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Fear and resolve: Indian youth campaign for arrested climate activist

MUMBAI/CHENNAI: As news of the arrest of a 22-year-old climate activist broke on Sunday, Ridhima Pandey, a teen campaigning for clean rivers and sustainable living in a north Indian pilgrimage town, tweeted: “We all are united in this fight”.

Other Indian youth activists, meanwhile, were frantically exiting WhatsApp groups used to organise climate action, fearing they could become targets of a government clampdown.

“I feel exposed and honestly a little worried,” said one student who only wished to be identified as a youth activist.

Disha Ravi’s arrest for editing and distributing a document tweeted by Swedish environmental activist Greta Thunberg, which supported farmer protests, has stoked fear but also deepened the resolve of many young Indian climate activists.

Police took Ravi to the capital from her home in the southern city of Bengaluru to question her over the accusation that she disseminated the document during months-long protests on the outskirts of Delhi.

A Delhi police source said Ravi had been arrested over a sedition case against those accused of authoring a “toolkit” on ways to help the protesting farmers. If proved, the charge carries a penalty of life imprisonment.

On Monday, with news of Ravi’s arrest splashed across newspapers, young activists rallied behind her.

Nine-year-old campaigner and award-winning activist Licypriya Kangujam, said the arrest wouldn’t stop her from speaking up.

“This is an attempt to silence the voices of young girls and women in this country,” Kangujam tweeted.

“But THIS WILL NOT STOP US from fighting for our planet and future,” she wrote.

India has in recent years charged activists, journalists and students with sedition over their reporting, online posts or alleged role in protests rallies.

Ravi’s arrest was criticised by some politicians, who pointed to the role the 22-year-old, and other campaigners play in spotlighting surging climate threats – from rising heat to landslides and floods.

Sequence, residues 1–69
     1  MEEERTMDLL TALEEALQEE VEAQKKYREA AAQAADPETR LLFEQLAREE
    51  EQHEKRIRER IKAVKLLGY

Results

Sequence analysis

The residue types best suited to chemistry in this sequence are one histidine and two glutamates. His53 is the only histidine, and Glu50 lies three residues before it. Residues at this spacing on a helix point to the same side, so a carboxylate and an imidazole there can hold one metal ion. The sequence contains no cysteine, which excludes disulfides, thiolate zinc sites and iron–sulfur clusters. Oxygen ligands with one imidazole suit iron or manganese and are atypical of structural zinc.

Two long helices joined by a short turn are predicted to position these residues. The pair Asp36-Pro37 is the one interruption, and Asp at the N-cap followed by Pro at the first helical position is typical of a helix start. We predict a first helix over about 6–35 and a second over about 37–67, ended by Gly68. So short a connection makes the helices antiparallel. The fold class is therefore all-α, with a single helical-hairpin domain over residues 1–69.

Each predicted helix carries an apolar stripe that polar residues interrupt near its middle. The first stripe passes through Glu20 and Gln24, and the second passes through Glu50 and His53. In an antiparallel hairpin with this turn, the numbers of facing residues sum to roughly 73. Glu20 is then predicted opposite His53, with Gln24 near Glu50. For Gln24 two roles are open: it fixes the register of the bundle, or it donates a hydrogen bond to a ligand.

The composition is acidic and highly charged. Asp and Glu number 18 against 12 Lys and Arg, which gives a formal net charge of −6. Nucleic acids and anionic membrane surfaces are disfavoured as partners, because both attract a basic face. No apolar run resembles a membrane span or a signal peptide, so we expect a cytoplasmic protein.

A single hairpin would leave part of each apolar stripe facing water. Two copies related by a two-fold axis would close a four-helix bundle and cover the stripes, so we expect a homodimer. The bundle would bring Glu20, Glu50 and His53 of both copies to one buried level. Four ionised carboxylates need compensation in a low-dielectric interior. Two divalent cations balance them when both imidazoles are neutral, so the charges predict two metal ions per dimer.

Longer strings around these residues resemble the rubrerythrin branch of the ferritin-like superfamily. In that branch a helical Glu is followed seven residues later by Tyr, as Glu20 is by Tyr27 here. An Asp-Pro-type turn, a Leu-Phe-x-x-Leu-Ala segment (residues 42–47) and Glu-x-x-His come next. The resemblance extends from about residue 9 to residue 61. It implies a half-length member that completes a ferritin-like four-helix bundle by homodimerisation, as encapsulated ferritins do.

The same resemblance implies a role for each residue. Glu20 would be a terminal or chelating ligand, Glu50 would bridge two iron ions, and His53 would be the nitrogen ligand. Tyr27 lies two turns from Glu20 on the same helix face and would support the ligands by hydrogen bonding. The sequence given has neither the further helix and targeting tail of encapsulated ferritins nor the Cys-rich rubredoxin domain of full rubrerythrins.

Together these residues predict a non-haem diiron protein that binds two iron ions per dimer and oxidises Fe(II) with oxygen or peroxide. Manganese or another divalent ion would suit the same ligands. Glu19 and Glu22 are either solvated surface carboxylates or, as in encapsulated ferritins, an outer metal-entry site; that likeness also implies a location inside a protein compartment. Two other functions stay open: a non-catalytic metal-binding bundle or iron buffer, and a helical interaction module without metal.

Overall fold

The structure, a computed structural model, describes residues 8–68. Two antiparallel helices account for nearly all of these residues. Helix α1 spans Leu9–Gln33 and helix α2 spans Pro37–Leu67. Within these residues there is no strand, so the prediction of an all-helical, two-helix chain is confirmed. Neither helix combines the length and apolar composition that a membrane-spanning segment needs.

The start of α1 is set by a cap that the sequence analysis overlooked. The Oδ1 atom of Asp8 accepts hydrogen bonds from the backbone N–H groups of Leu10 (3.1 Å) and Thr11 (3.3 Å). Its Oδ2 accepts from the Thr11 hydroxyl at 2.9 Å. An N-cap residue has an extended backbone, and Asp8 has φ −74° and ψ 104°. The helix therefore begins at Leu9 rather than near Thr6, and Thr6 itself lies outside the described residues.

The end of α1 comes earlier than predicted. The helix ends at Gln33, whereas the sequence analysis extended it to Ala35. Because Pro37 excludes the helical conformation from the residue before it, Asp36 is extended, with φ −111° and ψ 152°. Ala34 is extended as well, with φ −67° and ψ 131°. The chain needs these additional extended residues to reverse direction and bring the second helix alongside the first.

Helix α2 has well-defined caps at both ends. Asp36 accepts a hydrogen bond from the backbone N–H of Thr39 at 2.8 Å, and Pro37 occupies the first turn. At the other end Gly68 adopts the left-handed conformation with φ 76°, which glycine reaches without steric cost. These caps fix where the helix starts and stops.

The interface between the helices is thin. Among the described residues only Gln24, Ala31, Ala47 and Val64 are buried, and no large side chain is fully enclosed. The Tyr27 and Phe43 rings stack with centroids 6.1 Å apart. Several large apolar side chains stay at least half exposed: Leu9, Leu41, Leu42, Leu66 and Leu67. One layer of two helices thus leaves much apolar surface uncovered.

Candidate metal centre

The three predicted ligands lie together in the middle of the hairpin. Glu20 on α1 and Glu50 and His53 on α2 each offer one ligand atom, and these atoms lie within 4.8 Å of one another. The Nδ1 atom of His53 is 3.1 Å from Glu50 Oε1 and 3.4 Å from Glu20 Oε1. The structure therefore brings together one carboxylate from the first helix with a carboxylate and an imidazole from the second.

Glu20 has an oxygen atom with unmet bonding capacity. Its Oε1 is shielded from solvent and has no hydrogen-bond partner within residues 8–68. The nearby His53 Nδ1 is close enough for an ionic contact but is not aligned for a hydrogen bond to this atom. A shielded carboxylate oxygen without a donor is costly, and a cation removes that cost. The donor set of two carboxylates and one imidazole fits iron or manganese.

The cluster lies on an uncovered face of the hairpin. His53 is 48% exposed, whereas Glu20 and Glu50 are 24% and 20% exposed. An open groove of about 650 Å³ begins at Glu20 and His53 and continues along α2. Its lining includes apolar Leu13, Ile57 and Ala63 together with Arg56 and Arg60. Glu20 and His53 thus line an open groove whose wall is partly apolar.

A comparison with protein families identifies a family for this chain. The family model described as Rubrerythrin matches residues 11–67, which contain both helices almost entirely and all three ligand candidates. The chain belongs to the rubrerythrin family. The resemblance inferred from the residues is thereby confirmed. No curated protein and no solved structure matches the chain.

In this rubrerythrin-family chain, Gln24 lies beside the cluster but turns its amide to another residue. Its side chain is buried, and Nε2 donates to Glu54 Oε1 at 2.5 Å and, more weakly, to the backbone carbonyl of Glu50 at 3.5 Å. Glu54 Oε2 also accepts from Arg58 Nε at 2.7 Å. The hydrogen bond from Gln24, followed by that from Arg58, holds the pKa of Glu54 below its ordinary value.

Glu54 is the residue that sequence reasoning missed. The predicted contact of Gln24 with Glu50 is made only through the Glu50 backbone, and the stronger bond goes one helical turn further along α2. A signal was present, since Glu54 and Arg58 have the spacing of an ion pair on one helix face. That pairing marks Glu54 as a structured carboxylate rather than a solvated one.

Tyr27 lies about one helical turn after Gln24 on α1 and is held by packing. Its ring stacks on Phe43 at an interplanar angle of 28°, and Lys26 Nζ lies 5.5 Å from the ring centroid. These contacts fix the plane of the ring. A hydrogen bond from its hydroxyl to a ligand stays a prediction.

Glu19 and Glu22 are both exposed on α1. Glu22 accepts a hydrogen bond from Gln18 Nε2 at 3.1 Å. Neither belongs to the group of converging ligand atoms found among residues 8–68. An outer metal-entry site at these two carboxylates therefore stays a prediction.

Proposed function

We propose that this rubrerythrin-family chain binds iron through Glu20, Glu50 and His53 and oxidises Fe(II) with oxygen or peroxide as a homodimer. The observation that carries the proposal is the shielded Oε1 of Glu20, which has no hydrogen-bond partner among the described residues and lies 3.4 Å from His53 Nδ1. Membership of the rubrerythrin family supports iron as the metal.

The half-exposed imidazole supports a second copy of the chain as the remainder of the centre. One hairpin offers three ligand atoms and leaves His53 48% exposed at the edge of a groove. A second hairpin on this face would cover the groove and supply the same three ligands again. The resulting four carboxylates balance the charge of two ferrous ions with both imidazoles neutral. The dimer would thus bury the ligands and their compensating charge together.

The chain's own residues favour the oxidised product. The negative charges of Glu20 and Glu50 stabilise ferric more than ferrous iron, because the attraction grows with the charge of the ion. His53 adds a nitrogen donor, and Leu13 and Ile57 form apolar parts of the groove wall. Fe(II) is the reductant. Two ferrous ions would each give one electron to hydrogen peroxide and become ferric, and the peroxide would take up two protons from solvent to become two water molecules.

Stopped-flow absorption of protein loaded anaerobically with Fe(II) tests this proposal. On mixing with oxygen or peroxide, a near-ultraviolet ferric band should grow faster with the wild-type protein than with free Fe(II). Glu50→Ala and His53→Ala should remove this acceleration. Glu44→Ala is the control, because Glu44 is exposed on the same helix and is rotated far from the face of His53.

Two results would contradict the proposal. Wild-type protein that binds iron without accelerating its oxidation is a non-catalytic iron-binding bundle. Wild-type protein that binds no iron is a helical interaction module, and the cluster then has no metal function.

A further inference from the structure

FEAR

India in 2018 was ranked as the fifth most weather-affected country in a climate risk index by environmental think-tank Germanwatch.

That year, the South Asian nation suffered one of its longest-ever heatwaves, bringing water shortages, crop failures and riots on top of monsoon floods and two strong cyclones, Germanwatch said in the report.

“The message (sent by the arrest) to parents is: ‘Tell your children to shut up, sit down and study. No one should ask questions.’ But young people will continue to do so,” said Leo Saldanha, coordinator of the Bengaluru-based non-profit Environment Support Group.

A change.org petition calling for Ravi’s released has received more than 10,000 signatures, many from young people, said Saldanha.

In Chennai, in the country’s south, 15 youth organisations signed a statement flagging the “attempts to intimidate and harass young people engaged in shaping the country’s environmental future”.

“We believe Disha Ravi and youngsters like her ought to be celebrated, not harassed and demonized,” the statement read.

Indian youth groups have protested the building of new ports and campaigned for clean air in smog-filled cities across the country.

Much of their activism has been forced online by the COVID-19 pandemic, raising fears about privacy and safety on social media platforms like Twitter and Facebook.

Climate activist Pandey, who is active on Instagram and Twitter, does not plan to stop her online campaigning.       

“I am not speaking against the country,” she told the Thomson Reuters Foundation by phone.

“What I say is my point of view, that I will continue to express without fear.”

Her parents haven’t stopped her from posting online but admit to underlying worry.

“Today it is Disha Ravi. How can I be sure it’s not Ridhima tomorrow,” said Vinita Pandey, Ridhima’s mother.

“Every parent whose child is raising her voice has the same concern. But I don’t want to show we are fearful,” she said.

 

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